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Pedestrian Accidents Increased in L.A. During the Pandemic

During the pandemic, most safety groups like the National Highway Traffic Safety Administration (NHTSA) assumed that the number of pedestrian accidents and fatalities would decrease. After all, lockdown restrictions made it so fewer people had fewer reasons to be on the road at any given time, especially as many occupations and schools shifted entirely to remote methods. Yet accident data from across the country showed the opposite: pedestrian accidents actually increased.

For example, in Los Angeles, the LAPD recorded these statistics in 2021:

  • 128 fatal pedestrian accidents, up 6% from 2020
  • 486 severely injured pedestrians, up 35% from 2020
  • Total cyclist deaths up 13% and injuries up 22% from 2020
  • Pedestrian fatality rate is 400% of the national average

Half of all trips taken by motorists, cyclists, and pedestrians are less than three miles one way. With trips being so short, you might expect accident rates would be low. With the opposite being true, though, it suggests that the dangers to pedestrians are not only significant, but they are also almost constant.

Furthermore, the NHTSA tracked that the number of pedestrian deaths increased by 21 percent in 2020. During that first year of the coronavirus pandemic, the total miles traveled by all motorists dropped dramatically. Then why did the rate of pedestrian accidents and fatalities increase so much?

Suspected Causes of Increased Pedestrian Accidents

The phenomenon of increased pedestrian accidents and fatalities juxtaposed with a decrease in overall traffic requires some investigation. Not only is the NHTSA looking into it, but so are safety officials like members of the Los Angeles Department of Transportation (LADOT) and members of the medical community.

Several prevailing theories have cropped up, such as:

  • Larger cars: Approximately 75% of all new vehicles sold in the U.S. in the last few years have not been sedans. Instead, SUVs, pickup trucks, and vans have become popular. The worry is that these larger vehicles pose an increased threat to pedestrians simply by their weight alone. The heavier a vehicle is when it hits someone, the more likely it is to cause a severe injury at any speed. Drivers might also have become more complacent behind the wheel due to the continual additions of vehicle safety features that make it easier to drive but also easier to allow oneself to become distracted.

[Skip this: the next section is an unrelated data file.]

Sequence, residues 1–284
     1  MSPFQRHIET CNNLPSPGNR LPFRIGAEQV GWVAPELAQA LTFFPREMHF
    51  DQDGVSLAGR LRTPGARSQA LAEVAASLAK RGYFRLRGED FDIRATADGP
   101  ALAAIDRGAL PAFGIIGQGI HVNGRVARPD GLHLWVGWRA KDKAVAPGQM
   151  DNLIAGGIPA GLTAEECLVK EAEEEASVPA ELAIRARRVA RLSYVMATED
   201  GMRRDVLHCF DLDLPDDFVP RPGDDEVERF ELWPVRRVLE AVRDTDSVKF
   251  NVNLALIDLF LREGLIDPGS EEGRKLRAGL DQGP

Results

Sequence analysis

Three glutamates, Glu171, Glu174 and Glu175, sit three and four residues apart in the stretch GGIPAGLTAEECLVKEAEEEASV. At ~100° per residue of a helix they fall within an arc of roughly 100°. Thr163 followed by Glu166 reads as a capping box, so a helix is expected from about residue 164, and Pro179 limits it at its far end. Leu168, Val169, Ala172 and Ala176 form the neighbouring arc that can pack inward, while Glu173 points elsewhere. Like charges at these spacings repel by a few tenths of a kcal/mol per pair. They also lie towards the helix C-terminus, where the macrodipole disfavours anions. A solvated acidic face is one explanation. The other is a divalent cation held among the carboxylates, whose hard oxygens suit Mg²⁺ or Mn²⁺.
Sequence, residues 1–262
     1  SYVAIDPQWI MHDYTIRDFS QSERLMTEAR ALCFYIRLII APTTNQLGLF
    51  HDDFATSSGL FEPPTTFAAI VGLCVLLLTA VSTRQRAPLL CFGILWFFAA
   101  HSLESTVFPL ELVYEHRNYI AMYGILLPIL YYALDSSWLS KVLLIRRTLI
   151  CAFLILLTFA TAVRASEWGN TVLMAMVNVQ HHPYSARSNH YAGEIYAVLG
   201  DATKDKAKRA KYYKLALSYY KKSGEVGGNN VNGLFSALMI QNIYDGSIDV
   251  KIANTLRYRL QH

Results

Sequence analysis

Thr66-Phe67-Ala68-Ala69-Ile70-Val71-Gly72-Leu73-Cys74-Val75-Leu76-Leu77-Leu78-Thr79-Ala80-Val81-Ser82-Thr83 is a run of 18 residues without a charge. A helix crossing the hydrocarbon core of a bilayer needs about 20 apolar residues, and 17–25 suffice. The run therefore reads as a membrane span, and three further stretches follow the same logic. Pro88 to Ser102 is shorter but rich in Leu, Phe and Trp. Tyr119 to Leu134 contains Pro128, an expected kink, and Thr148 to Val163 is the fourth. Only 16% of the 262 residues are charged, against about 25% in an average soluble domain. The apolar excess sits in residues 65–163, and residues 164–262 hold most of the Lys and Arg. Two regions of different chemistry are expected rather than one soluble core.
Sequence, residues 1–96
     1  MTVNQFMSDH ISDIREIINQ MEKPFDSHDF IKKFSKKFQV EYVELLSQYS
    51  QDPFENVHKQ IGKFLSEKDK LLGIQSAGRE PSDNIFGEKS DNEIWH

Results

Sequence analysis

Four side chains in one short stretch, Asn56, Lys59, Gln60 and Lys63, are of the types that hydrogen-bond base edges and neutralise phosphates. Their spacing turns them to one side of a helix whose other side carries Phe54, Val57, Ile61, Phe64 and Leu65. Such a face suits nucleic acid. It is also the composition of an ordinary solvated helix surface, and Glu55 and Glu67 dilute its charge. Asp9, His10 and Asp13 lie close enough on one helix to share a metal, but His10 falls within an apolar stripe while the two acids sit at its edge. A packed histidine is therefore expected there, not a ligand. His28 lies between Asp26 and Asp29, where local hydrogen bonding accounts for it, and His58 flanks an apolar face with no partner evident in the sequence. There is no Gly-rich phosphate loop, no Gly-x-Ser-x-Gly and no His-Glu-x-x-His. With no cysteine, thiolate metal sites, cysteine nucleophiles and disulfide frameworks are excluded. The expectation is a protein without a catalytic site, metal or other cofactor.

• More speeding violations: The Los Angeles Police Department and other law enforcement agencies across the country have issued more speeding tickets during the pandemic than in previous years when factoring in the total number of vehicle miles driven. It seems that the emptier roads – which were more prevalent in early 2020 – tempted more reckless drivers to break the speed limit. They might have erroneously thought that a relatively empty street meant it was “safe” to speed. Of course, there is never a safe time to speed, especially when pedestrians are nearby.
  • Elderly population growth: Another more macabre theory is that the continued growth of the elderly population might be playing an unexpected role in the rise of fatal and severe pedestrian accidents. Many states and cities saw an increase in the number of senior citizens who have been hurt in pedestrian accidents in the last two years. This might not mean that more pedestrian accidents are happening, but rather that each accident is more likely to cause a catastrophic injury because the odds of the accident involving a senior citizen keep increasing.

What Can Be Done Now?

Decreasing the number of pedestrian accidents to zero each year has to be a priority. But what can be done to make that happen?

The Vision Zero Initiative is a safety campaign that has been adopted by cities around the globe. It focuses on reallocating and raising funds to improve pedestrian safety, such as by building bike lanes and pedestrian segues that cross above busy streets of traffic. Los Angeles has its own Vision Zero plan, which wants to reach zero traffic deaths by 2025. More cities should follow its lead and create a dedicated Vision Zero program with a 10-year completion goal. If this could be done in more places, then pedestrian deaths could start to decline to levels even lower than they were in 2019.

Scott J. Corwin, A Professional Law Corporation in Los Angeles proudly offers legal counsel to people who have been hurt in pedestrian accidents or who lost a loved one in such a crash. Please contact our firm if you need our assistance with a case. You could be owed significant compensation from the party that caused the accident and your damages.

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